When the world gets closer.

We help you see farther.

Sign up to our expressly international daily newsletter.

Already a subscriber? Log in .

You've reached your limit of one free article.

Get unlimited access to Worldcrunch

You can cancel anytime .


Exclusive International news coverage

Ad-free experience NEW

Weekly digital Magazine NEW

9 daily & weekly Newsletters

Access to Worldcrunch archives

Free trial

30-days free access, then $2.90
per month.

Annual Access BEST VALUE

$19.90 per year, save $14.90 compared to monthly billing.save $14.90.

Subscribe to Worldcrunch

Religion And Ecology, Not Always A Natural Marriage

Muslims are supposed to save water, Christians and Jews energy. In the past, we blamed those ideologies for ecological crises.

Statue in St. Peter's Square, Vatican City
Statue in St. Peter's Square, Vatican City
Matthias Drobinski and Elisa Rheinheimer-Chabbi

MUNICH — The Vatican document that Pope Francis published last summer made headlines around the world. Humans are exploiting the Earth's resources, he declared in his encyclical on the environment. Particularly in wealthy countries, we are altering the conditions of our planet with a lifestyle that is dangerous, and perhaps even suicidal.

The pontiff's words could not have been clearer: Climate change is man-made, and now it's our duty to save what's left of God's creation.

Though conservative Christians in the United States were shocked (Now even the pope believes the climate-warming-lie!), most religious leaders joined in the praise of the pope's encyclical Laudato si" , named after Saint Francis' "Canticle of the Sun."

In today's world, religion tends to find itself on the side of those fighting for ecological preservation. But it hasn't always been that way.

In 1967, the U.S. historian Lynn Townsend White, Jr. published a provocative essay, "The Historical Roots of Our Ecological Crisis." He argued that the worldview of monotheistic religions is at the origin of the modern threat to the environment: Christianity, Judaism and Islam all consider mankind the pride — and master of — creation.

In ancient times, the notion of the neverending circle of life was what largely shaped the understanding of history. Monotheistic religions on the other hand see history as a linear, target-oriented process. This has led to a naïve belief in progress, reducing nature to a simple object of exploitation.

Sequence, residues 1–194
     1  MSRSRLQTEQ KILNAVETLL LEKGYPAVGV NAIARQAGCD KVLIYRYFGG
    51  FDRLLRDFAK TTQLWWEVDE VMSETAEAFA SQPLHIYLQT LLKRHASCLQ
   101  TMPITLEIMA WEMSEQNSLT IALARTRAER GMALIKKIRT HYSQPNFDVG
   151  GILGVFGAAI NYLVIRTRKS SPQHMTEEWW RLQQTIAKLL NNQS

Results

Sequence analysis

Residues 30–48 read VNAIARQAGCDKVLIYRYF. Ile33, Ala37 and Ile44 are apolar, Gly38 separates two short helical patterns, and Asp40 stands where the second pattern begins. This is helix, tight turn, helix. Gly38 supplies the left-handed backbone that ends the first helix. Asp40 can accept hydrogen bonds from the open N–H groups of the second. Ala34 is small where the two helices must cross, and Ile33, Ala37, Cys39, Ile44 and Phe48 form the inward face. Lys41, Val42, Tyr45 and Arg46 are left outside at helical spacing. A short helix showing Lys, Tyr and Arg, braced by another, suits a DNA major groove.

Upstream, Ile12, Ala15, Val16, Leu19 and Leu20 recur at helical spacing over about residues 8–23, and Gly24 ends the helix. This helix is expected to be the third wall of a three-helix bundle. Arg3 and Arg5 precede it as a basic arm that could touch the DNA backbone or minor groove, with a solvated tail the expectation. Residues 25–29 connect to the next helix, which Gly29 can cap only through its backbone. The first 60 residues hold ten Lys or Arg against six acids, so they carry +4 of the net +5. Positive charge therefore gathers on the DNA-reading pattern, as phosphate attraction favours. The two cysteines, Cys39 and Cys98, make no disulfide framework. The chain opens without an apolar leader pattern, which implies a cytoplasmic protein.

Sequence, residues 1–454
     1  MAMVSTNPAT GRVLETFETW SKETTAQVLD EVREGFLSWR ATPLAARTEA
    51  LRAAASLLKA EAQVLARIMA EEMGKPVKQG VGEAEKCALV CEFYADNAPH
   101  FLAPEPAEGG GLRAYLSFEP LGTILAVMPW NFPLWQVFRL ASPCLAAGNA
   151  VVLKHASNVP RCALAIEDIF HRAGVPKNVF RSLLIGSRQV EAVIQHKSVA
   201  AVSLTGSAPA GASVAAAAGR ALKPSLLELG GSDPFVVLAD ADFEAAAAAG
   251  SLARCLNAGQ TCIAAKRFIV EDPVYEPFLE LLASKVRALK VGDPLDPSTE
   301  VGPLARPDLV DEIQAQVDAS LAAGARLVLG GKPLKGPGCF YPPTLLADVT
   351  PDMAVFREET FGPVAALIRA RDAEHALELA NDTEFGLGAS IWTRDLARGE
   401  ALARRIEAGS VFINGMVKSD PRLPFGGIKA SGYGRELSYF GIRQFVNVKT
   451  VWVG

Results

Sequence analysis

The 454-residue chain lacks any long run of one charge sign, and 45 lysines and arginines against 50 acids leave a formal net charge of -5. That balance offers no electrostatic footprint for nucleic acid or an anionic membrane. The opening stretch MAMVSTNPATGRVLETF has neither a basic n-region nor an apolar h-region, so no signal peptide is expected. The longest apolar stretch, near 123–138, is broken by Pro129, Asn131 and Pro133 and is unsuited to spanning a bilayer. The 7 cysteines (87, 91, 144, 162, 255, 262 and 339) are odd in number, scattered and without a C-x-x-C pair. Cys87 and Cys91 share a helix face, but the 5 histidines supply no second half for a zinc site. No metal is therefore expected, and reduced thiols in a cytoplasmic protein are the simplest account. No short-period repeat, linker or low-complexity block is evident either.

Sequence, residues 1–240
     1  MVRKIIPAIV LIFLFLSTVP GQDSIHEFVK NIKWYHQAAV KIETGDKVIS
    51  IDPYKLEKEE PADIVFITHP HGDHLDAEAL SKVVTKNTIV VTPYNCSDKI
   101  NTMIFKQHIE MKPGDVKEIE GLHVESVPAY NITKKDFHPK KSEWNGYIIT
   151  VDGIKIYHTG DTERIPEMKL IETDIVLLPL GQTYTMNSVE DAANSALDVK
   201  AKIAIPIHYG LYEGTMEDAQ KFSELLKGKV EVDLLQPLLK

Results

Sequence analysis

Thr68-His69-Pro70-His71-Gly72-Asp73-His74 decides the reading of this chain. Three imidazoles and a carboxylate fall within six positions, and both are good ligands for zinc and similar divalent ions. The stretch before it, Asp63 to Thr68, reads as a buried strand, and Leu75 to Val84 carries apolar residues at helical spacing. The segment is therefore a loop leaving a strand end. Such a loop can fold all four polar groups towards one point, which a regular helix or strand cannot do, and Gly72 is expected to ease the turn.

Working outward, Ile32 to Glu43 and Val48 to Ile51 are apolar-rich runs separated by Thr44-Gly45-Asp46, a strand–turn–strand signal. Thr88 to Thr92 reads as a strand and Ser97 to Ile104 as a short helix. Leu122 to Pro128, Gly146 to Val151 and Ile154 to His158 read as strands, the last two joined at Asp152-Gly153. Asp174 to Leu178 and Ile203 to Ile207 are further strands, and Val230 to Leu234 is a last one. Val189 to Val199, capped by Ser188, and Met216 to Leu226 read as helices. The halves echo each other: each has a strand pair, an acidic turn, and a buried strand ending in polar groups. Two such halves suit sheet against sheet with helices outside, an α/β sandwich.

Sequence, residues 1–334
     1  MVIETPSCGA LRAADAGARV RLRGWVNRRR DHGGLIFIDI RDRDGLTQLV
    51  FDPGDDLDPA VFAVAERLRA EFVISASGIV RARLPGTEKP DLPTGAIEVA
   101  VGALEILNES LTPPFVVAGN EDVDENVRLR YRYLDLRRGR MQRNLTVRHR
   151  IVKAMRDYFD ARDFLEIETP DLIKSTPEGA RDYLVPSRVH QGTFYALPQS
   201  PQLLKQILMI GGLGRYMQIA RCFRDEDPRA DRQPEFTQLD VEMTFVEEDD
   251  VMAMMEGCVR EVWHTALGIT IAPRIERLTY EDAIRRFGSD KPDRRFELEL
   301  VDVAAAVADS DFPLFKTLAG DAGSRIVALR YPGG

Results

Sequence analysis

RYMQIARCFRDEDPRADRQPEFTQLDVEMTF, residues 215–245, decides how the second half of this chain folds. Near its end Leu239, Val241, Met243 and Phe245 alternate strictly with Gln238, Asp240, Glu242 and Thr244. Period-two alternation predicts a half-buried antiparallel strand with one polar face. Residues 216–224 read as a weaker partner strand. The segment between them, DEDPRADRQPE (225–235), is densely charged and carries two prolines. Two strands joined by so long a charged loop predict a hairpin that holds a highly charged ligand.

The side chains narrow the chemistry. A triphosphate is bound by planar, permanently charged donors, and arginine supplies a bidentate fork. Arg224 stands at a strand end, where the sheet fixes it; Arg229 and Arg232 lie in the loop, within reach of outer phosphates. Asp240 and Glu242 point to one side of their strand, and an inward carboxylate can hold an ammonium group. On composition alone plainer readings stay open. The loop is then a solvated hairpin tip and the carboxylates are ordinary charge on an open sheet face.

White hit a sore spot: Man-as-builder has always been at the center of, especially, Christian and Jewish anthropologies. This eventually leads to him flying to the moon and mastering nuclear power, all for the purposes of humanity. The idea of man being just part of a bigger picture, a larger creation, in which all creatures have the same right to life, was considered out of step with the times.

White's essay is considered the moment when the modern theological discussion of religion and ecology was born. Ever since, the number of environmentally active Christians has grown steadily. Today it is considered theological common knowledge that humans are supposed to preserve nature and cultivate the land of an Earth that is part of a wider creation. It's not the quantitative, but the qualitative progress that is considered as ethically unproblematic, leading to more justice, peace and protection of the environment. In the most basic but visible signs, you are increasingly likely inside Christian communities to find recycled paper in church pews and solar panels on the roofs.

Green kosher food, Muslim water

Judaism and Christianism have experienced a similar evolution — even if especially in Israel, environmental activists had to fight an uphill battle. Only recently, 333 rabbis in Israel signed a letter for the protection of the environment, calling on believers to avoid further investment in oil, carbon and gas, and commit instead to wind, water and solar power.